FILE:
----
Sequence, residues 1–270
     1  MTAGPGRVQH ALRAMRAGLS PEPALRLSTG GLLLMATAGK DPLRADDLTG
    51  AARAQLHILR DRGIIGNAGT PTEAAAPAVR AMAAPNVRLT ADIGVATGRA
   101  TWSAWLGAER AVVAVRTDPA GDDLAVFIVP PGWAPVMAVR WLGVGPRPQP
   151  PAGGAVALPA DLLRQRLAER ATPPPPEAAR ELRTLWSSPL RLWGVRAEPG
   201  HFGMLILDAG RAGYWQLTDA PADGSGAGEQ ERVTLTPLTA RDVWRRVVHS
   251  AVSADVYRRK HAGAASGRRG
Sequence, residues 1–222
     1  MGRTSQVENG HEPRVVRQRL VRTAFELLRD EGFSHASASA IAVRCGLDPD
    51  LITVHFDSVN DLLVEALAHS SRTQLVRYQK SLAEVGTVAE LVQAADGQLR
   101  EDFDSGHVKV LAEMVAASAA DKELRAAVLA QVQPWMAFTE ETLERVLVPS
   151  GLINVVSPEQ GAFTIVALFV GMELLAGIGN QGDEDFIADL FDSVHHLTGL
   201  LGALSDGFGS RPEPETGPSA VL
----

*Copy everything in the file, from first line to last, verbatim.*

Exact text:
Sequence, residues 1–270
     1  MTAGPGRVQH ALRAMRAGLS PEPALRLSTG GLLLMATAGK DPLRADDLTG
    51  AARAQLHILR DRGIIGNAGT PTEAAAPAVR AMAAPNVRLT ADIGVATGRA
   101  TWSAWLGAER AVVAVRTDPA GDDLAVFIVP PGWAPVMAVR WLGVGPRPQP
   151  PAGGAVALPA DLLRQRLAER ATPPPPEAAR ELRTLWSSPL RLWGVRAEPG
   201  HFGMLILDAG RAGYWQLTDA PADGSGAGEQ ERVTLTPLTA RDVWRRVVHS
   251  AVSADVYRRK HAGAASGRRG
Sequence, residues 1–222
     1  MGRTSQVENG HEPRVVRQRL VRTAFELLRD EGFSHASASA IAVRCGLDPD
    51  LITVHFDSVN DLLVEALAHS SRTQLVRYQK SLAEVGTVAE LVQAADGQLR
   101  EDFDSGHVKV LAEMVAASAA DKELRAAVLA QVQPWMAFTE ETLERVLVPS
   151  GLINVVSPEQ GAFTIVALFV GMELLAGIGN QGDEDFIADL FDSVHHLTGL
   201  LGALSDGFGS RPEPETGPSA VL